Another Halloween, anoth­er absurd­ly con­vo­lut­ed entry in the Saw series.  Your Humble Reviewer has nev­er par­tic­u­lar­ly enjoyed the­se films (even the much-praised first entry doesn’t hold up under scruti­ny) yet he finds it fas­ci­nat­ing on a num­ber of lev­els.  For one thing, it’s the most trans­gres­sive and unpleas­ant hor­ror film series to ever achieve this lev­el of fame and prof­itabil­i­ty.  It’s also been fas­ci­nat­ing to watch the con­tor­tions that each film’s cre­ators tie them­selves in their attempts to con­vince view­ers that it is a ful­ly-real­ized series with a con­tin­u­ous plot that coher­ent­ly con­nects all entries.  In the process, they’ve cre­at­ed a set of films that have so lit­tle regard for plau­si­bil­i­ty that they’ve become works of acci­den­tal sur­re­al­ism.

That said, the ghoul­ish fun has run out of steam with Saw 3-D (Saw 7 if you aren’t see­ing it in three dimen­sions).  It’s hard to give a plot sum­ma­ry for this film since it jug­gles six films’ worth of bag­gage and loose ends while also telling a new sto­ry but here’s an attempt: Bobby (Sean Patrick Flannery) is a self-help author whose schtick revolves around the idea that sur­viv­ing one of Jigsaw’s gris­ly trap-tests helped him evolve to a high­er lev­el of being.  Unfortunately for him and his beau­ti­ful bride Joyce (Gina Holden), he’s not being truth­ful about his past and Jigsaw (Tobin Bell) noticed.  Thus, Bobby soon finds him­self work­ing his way through a real set of grue­some trap-tests that involve per­il for him­self, his wife and all who helped him in his rise to fame.

Believe it or not, that’s only half of what is going on in Saw 3-D. Continued over from the last few films is the sto­ry of Hoffman (Costas Mandylor), a rogue cop who became a Jigsaw oper­a­tive before going rogue again and get­ting pun­ished from beyond the grave by Jigsaw via his ex-wife Jill (Betsy Russell).  Jill turns to inter­nal affairs cop Gibson (Chad Donella), a for­mer rival of Hoffman’s, for help.  He tries to hunt down Hoffman before he can get to Jill while also deal­ing with the lat­est round of Jigsaw killings.  Meanwhile, Jigsaw sur­vivor Dr. Gordon (Cary Elwes) returns from the first film to hov­er mys­te­ri­ous­ly on the periph­ery of this pile of tan­gled plots.  For what it’s worth, Chester Bennington of Linkin Park/scream-singing fame also pops up as a guest vic­tim.

If this all sounds as hope­less­ly con­fus­ing as it is grim, rest assured that it is.  The secret pow­er of the Saw series is that its bewil­der­ing yet fast-mov­ing mass of plot threads cre­ates as much ner­vous ten­sion in its view­ers as the grue­some set­pieces.  Keeping up with the plot con­tor­tions is as dif­fi­cult as sur­viv­ing a Jigsaw trap and that gen­er­ates a lev­el of anx­i­ety that keeps the view­er on edge.  That said, the series nev­er plays fair with its audi­ence by pay­ing off (there’s always a few new twists hid­ing behind any appar­ent end-point in the­se sto­ries) and they always leave an open door for the next poten­tial entry.  Even this sup­posed “final” entry leaves that door open and it has a detri­men­tal effect on the coher­ence of the end­ing (with­out get­ting into spoil­er-type specifics, a hand­ful of plot threads are also left swing­ing in the breeze).  To make things even worse, it’s tough to tell which Jigsaw acolyte cre­at­ed what trap in this entry and there’s an open­ing set­piece that makes no sense because it has noth­ing to do with what fol­lows.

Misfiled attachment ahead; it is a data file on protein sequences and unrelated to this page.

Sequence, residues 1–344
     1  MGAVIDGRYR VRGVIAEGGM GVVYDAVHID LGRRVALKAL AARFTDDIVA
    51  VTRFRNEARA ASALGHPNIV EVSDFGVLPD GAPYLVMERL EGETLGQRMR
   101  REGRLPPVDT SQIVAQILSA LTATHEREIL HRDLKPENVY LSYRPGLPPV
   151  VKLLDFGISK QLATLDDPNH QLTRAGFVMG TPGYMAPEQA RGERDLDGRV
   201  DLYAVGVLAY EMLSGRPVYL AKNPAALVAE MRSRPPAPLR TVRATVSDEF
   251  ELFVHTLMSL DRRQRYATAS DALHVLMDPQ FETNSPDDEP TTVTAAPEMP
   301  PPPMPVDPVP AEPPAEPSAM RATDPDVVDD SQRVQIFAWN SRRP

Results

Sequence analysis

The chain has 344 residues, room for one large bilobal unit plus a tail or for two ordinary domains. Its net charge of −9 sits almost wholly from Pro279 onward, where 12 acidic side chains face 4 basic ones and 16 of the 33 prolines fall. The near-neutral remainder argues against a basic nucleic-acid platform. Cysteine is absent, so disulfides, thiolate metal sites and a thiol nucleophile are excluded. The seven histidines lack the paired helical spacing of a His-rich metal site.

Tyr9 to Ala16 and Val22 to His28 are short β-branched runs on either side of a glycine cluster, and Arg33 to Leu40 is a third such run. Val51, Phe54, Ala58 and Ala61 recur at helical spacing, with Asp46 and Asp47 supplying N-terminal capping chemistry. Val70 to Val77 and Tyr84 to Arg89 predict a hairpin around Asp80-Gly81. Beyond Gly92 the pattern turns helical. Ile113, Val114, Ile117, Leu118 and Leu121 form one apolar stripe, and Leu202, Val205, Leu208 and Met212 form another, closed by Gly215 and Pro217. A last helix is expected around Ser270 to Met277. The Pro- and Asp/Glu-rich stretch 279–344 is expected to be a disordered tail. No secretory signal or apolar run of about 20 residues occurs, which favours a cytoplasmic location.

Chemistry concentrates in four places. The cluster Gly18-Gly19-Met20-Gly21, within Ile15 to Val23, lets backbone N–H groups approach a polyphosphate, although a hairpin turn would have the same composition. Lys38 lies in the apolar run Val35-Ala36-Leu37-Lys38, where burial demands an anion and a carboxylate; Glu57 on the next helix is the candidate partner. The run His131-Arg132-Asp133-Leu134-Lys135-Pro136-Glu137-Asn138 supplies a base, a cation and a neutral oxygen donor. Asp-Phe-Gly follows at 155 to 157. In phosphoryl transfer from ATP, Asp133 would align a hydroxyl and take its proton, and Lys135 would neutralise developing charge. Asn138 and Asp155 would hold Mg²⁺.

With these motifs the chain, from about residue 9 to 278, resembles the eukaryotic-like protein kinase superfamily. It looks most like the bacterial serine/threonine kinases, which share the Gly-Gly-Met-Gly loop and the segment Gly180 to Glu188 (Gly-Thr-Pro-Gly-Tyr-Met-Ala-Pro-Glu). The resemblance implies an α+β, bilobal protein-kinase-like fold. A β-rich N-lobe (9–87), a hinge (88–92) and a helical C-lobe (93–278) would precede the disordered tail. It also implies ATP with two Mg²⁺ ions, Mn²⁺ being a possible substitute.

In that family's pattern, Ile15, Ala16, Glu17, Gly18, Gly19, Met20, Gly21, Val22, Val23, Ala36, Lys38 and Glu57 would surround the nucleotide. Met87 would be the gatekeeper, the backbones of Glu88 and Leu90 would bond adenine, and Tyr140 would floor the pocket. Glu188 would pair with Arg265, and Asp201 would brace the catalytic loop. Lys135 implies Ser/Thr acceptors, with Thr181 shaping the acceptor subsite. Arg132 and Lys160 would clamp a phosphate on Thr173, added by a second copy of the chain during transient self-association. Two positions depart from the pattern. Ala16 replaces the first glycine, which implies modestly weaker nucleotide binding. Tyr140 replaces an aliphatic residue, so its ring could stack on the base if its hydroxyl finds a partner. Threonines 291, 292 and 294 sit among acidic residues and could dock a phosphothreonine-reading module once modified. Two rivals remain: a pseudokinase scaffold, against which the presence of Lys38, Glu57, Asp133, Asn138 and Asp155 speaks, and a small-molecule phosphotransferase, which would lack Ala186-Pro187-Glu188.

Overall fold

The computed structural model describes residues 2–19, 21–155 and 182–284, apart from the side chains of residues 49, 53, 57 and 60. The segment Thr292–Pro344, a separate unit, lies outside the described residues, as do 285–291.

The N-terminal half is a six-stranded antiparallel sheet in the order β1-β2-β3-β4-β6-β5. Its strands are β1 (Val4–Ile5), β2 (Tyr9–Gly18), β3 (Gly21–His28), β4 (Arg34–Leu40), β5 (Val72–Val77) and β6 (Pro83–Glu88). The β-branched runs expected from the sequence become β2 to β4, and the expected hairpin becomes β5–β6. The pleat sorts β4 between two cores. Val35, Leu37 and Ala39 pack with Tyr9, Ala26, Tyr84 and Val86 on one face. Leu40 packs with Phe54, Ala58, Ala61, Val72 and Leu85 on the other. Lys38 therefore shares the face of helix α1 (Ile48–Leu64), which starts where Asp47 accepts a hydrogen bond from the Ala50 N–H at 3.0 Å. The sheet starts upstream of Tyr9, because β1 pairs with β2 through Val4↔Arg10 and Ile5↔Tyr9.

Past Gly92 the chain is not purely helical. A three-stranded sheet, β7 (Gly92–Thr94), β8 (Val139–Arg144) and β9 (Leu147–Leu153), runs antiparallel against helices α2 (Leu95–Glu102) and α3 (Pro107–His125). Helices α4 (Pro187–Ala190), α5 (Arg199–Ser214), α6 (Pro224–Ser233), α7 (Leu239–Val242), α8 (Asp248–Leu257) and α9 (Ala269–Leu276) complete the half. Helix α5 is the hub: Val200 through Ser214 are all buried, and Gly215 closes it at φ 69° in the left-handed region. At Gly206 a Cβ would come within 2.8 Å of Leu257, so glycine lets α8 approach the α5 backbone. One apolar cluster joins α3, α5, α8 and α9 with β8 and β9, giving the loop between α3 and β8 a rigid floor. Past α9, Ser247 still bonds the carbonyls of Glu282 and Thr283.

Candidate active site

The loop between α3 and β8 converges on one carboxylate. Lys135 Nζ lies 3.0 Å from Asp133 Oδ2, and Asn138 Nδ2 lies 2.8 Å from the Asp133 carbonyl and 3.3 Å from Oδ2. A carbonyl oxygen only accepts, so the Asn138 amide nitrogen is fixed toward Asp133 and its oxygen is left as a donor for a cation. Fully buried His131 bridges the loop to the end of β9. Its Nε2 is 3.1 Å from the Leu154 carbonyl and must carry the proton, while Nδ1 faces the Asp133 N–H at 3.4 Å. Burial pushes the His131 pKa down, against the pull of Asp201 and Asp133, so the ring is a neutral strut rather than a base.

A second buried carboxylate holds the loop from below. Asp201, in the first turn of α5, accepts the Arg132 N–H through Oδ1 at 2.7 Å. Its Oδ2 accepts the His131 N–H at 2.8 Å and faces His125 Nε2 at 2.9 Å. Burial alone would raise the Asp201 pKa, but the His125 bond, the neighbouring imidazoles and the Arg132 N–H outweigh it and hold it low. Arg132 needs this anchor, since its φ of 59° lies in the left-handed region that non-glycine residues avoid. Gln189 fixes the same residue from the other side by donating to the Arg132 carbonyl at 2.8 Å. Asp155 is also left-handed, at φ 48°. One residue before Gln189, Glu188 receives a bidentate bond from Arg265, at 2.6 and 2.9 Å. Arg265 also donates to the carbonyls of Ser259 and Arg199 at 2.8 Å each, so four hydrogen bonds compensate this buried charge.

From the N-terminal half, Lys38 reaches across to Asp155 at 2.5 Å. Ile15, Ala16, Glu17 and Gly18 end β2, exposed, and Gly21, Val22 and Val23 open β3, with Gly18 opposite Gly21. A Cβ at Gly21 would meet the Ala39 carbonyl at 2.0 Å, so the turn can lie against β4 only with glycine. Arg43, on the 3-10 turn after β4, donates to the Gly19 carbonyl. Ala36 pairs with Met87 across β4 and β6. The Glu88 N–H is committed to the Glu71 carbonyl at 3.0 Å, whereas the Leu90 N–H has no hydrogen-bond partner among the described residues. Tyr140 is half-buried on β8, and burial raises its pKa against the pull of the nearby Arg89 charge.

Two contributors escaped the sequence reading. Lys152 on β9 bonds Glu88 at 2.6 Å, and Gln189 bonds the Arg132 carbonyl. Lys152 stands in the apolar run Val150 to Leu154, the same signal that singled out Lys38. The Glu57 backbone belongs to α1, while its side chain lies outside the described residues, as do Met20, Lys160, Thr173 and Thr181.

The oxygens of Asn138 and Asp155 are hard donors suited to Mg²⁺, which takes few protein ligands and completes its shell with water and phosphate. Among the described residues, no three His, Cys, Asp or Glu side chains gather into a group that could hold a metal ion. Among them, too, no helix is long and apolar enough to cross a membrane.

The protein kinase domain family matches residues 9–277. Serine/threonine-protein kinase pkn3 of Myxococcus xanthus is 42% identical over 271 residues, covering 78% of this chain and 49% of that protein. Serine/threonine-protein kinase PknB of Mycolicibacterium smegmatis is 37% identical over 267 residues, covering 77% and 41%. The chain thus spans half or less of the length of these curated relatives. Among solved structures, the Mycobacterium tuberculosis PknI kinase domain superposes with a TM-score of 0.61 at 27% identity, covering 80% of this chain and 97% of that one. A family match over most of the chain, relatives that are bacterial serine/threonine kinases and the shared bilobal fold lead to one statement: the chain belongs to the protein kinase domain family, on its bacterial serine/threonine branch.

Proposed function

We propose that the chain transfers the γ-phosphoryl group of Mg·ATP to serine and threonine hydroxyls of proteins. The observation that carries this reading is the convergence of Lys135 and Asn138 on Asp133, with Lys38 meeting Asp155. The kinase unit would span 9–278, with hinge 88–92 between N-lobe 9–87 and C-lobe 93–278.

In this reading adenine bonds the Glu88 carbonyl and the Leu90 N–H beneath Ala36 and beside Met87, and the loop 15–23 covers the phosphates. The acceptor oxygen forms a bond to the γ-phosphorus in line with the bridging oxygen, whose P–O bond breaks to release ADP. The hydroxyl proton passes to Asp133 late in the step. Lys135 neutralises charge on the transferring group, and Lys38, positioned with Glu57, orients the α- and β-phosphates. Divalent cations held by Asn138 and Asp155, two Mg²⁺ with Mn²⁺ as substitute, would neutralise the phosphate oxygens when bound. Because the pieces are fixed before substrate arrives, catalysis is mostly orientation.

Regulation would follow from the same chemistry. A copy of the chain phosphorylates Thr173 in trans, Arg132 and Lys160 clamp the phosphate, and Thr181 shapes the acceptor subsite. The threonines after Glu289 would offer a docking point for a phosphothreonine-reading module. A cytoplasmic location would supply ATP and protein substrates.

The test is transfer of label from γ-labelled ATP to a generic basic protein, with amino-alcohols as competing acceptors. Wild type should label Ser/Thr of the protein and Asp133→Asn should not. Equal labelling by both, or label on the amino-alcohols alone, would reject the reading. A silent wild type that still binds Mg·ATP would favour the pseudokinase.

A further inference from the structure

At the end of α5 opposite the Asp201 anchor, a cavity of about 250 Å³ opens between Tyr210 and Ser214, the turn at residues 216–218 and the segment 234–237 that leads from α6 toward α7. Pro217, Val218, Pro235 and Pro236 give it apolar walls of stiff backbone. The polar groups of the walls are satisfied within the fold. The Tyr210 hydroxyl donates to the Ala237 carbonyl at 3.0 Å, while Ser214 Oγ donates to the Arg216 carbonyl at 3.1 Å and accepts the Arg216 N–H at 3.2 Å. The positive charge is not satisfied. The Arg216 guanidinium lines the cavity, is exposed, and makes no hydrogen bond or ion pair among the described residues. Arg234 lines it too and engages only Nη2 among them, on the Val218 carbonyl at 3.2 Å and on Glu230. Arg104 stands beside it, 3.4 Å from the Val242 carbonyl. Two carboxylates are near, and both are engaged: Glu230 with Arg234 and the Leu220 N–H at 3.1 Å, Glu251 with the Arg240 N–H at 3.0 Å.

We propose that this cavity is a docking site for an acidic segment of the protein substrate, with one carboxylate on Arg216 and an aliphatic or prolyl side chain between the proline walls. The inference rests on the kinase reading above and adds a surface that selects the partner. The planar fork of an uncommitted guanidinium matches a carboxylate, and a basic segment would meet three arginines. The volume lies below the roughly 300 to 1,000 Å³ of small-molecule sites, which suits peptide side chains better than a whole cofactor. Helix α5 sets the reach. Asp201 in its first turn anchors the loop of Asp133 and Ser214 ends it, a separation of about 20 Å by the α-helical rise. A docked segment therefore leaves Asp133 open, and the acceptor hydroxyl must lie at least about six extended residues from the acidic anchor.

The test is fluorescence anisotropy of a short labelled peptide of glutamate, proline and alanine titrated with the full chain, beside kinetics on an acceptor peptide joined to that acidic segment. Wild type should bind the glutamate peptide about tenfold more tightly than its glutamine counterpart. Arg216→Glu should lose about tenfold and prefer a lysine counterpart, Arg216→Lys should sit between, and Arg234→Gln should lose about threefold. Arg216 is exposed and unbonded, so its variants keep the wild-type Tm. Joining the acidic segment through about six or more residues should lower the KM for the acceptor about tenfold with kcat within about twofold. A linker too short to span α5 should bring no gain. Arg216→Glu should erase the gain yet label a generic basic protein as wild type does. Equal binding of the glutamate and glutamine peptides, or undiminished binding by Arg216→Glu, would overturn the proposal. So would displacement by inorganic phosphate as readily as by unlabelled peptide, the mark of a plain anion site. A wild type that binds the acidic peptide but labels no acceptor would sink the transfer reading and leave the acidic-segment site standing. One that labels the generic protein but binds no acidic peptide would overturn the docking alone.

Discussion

To make mat­ters worse, Saw 3-D is direct­ed in a tired and indif­fer­ent man­ner.  Editor-turned-direc­tor Kevin Greutert — edi­tor of the first five Saw entries, direc­tor of part 6 — returns to the director’s chair but his work seems indif­fer­ent (word has it he was sup­posed to direct anoth­er film and pro­duc­ers of the Saw series invoked a clause in his con­tract to keep him on the series).  The result­ing film has a pro­fes­sion­al sheen but basi­cal­ly just goes through its gore-sling­ing paces.  The traps have a joy­less pre­dictabil­i­ty to them, dou­bling down on scream­ing and gore in place of inspi­ra­tion.  Even the 3-D gim­mick doesn’t add much as the film uses it in an unin­spired fash­ion that adds lit­tle to the film’s mon­ey-shots.  You could watch it in 2-D and not miss out on much.

The only real enter­tain­ment in the film is pro­vid­ed by Chad Donella, who gives the most hilar­i­ous­ly awful per­for­mance Your Humble Reviewer has seen in a movie the­ater this year.  As the film’s main cop char­ac­ter, he seems to be going for a kind of Chris Walken-style quirk­i­ness but his man­ner­isms are so clum­sy and bad­ly-timed that the result feels like a bur­lesque of a bad per­for­mance.  He’s not con­vinc­ing for a sec­ond and he also goes hilar­i­ous­ly off the rails dur­ing a scene in the film’s mid­sec­tion where he places Jill in pro­tec­tive cus­tody, where his rant­i­ng and rav­ing prompt­ed laugh­ter from the audi­ence Your Humble Reviewer saw it with.

Ultimately, Saw 3-D retains the knee­jerk shock pow­er of the series but that’s all it has to offer.  In fact, those mechan­i­cal­ly con­trived shocks are the only thing it has left.  Jigsaw and his dis­ci­ples may return again (the lame-duck end­ing makes it pos­si­ble) but the pro­duc­ers should take mer­cy on us and give this mis­be­got­ten series some cin­e­mat­ic euthanasia.